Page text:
Statistical analyses were performed using SAS version 9.1.3(SAS Institute, Cary, NC). Continuous variables were presented asmean standard deviation and categorical variables as frequency(%). Group differences in demographic, clinical characteristics, andoutcomes were assessed using t tests, 2 tests, and Fisher exact testswhen appropriate. Logistic regression models were conducted toevaluate the association of LSR and outcome at each time pointwhile adjusting for age, gender, prior BT use, platysmal spasm,preoperative facial weakness, and side of spasm. P 0.05 wasconsidered as statistically significant.

    RESULTS

    DemographicsMean patient age was 52.25 12.05 years (range, 1782

    years), with women to men ratio being 1.8:1. No patients exhibited

    FIGURE 1. A, Branches of the facial nerve (CNVII); cervical branch not depicted. B, Monitoringfor the paradoxical lateral spread response (LSR).The zygomatic branch is stimulated (STIM), andan evoked EMG response can be recorded in theorbicularis oculi (REC 1). In patients with HFS, anabnormal evoked response, the LSR, can be seenin the mentalis muscle (REC 2). T, temporal; Z,zygomatic; B, buccal; M, marginal mandibular.

    Journal of Clinical Neurophysiology Volume 28, Number 1, February 2011 Microvascular Decompression for Hemifacial Spasm

    Copyright 2011 by the American Clinical Neurophysiology Society 57

  • bilateral HFS (see Appendix, Table A2). The mean follow-up periodwas 54.5 27.8 months (range: 9102 months) (Table 1).

    Medical HxMedical and surgical histories were obtained from each

    patient undergoing MVD. Twenty-two patients underwent a priorMVD at an outside institution. Two hundred seventeen patients(74.6%) received prior BT treatment, with the average timebetween the last injection and the most recent operation being 12months (range: 1 49 months). Patients who underwent BT treat-ment did so over a variable period (average: 4.23 years, range: 2months14 years). Common medications used to control HFSsymptoms, including anticonvulsants and antipsychotics, arelisted separately (see Appendix, Fig. A2). There was no genderbias regarding patients undergoing prior BT treatment (P 0.561).

    Preoperative CharacteristicsSeven patients had evidence of a Chiari I malformation on

    radiographic imaging. Nine patients had symptoms of atypical HFS(spasms began in the buccal-oral muscles and then progressed toinvolve the orbicularis oculi muscle). Sixty-seven (22.8%) pa-tients exhibited moderate-to-severe preoperative facial weakness,as determined by the House-Brackmann score (House and Brack-mann, 1985) (grade III and higher). Of note, patients with priorBT treatment were significantly more likely to demonstratemoderate-to-severe preoperative facial weakness (P 0.01). Onehundred thirty-seven (49.6%) patients had platysmal spasm, while187 (85.8%) exhibited tonus (frequent eyelid locking), signs associatedwith an extended spasm history. One hundred twenty-six (43.0%)patients reported specific triggers that would initiate spasms. Thirty-six(12.3%) patients demonstrated functional hearing loss, as determinedby the pure tone average during preoperative audiograms.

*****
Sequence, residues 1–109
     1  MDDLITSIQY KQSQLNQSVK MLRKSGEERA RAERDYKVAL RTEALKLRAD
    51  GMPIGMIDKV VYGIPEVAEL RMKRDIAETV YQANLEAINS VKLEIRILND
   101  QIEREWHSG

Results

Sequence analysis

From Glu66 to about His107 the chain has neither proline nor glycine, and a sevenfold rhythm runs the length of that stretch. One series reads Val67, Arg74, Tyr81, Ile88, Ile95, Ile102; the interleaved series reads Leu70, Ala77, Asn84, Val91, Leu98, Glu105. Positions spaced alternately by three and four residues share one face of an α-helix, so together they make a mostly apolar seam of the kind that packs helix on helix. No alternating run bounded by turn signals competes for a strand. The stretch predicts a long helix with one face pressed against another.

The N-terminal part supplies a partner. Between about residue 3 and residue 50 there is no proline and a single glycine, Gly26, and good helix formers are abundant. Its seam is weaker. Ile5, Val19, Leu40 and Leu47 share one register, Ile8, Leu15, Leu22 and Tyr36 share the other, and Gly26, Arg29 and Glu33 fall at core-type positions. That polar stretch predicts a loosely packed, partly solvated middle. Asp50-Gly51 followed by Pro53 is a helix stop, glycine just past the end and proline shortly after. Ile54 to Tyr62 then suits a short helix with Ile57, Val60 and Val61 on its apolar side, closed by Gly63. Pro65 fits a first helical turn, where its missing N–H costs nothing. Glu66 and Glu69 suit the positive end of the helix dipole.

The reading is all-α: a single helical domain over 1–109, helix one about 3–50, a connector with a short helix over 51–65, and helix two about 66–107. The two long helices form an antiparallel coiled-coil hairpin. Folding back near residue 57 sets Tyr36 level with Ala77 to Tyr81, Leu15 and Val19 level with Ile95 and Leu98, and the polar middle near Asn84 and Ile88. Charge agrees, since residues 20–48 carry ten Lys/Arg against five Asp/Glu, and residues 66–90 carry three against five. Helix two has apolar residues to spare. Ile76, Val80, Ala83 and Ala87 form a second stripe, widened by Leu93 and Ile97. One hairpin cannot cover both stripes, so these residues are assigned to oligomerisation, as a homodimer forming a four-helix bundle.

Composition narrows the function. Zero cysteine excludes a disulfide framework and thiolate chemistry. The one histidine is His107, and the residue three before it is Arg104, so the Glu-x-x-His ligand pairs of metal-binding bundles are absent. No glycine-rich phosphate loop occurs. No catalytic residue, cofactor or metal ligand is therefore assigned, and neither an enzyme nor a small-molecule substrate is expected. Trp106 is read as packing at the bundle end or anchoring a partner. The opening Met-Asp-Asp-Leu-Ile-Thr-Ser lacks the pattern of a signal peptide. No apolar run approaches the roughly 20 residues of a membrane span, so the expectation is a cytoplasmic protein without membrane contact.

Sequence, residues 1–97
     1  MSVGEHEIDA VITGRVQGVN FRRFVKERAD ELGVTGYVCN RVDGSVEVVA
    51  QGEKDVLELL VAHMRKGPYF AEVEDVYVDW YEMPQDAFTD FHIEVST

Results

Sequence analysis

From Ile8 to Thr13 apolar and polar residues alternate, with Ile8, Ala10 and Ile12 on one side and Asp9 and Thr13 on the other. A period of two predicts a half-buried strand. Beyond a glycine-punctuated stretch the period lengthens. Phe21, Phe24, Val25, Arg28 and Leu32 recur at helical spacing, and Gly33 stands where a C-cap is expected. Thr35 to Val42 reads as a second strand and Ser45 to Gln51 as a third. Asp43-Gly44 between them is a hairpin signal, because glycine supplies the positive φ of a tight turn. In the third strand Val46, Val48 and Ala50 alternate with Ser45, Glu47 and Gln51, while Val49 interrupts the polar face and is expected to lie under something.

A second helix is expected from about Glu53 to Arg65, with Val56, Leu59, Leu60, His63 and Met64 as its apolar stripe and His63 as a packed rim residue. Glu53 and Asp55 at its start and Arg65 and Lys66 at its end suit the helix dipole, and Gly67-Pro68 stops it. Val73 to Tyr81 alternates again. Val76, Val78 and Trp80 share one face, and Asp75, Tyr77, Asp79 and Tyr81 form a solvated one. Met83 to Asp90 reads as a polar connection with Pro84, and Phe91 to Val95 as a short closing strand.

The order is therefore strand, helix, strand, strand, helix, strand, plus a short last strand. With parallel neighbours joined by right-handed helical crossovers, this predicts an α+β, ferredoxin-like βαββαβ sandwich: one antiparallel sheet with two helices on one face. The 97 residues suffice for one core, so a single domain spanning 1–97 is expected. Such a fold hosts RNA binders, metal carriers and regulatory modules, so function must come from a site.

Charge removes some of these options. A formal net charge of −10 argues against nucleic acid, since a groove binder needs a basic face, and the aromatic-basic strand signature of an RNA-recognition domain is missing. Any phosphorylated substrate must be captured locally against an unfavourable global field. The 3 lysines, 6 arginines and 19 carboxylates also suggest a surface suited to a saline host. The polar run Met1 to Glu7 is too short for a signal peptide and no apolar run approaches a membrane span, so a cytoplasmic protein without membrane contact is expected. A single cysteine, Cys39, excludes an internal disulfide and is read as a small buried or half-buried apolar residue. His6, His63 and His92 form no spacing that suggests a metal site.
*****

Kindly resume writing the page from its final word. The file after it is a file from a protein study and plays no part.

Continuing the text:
FIGURE 2. Recording of the stimulus-evoked EMG responses from two different patients at the orbicularis oculi (A) and men-talis (B) muscles in response to stimulation of the zygomatic branch of the facial nerve. On decompression (arrow; A), theparadoxical LSR (mentalis) becomes variable in amplitude and morphology (after disappearing) and on complete decompres-sion (B), the LSR eventually disappears with no significant change observed from the oculi muscle group.

    P. D. Thirumala et al. Journal of Clinical Neurophysiology Volume 28, Number 1, February 2011

    Copyright 2011 by the American Clinical Neurophysiology Society58

  • Operative FindingsIntraoperative Remarks

    The vessels compressing the RExZ, as identified by thesurgeon, are summarized in Table 2. A majority (70.7%) of patientshad multiple compressing vessels. Of 21 patients (7.2%) requiring atwo-stage operation, 13 exhibited marked (2 milliseconds) shiftedbrainstem auditory evoked responses during the first operation,which prompted the surgeon to terminate the procedure. Fourpatients had a planned staged procedure because of a preexistingChiari I malformation (Chiari I decompressed during the first stage),while three other patients demonstrated dangerous cerebellar swell-ing during the first operation, which necessitated procedure termi-nation and repeat surgery. During one operation, equipment mal-function necessitated procedure termination and a second-stagesurgery.

    Operative OutcomesFacial spasm resolved in 257 patients (88.0%) within 24

    hours of MVD (Table 3). Success rate increased to 90.8% at the timeof discharge (3.91 1.98 days). Twenty-nine patients had persistentor recurrent spasm and underwent reexplorative surgery; resultswere similar to those of first-time patients undergoing MVD at eachtime point (see Appendix, Tables A4 and A5). It is noteworthy that18 patients with immediate postoperative spasm experienced com-plete relief at discharge, and 10 patients with postoperative relief had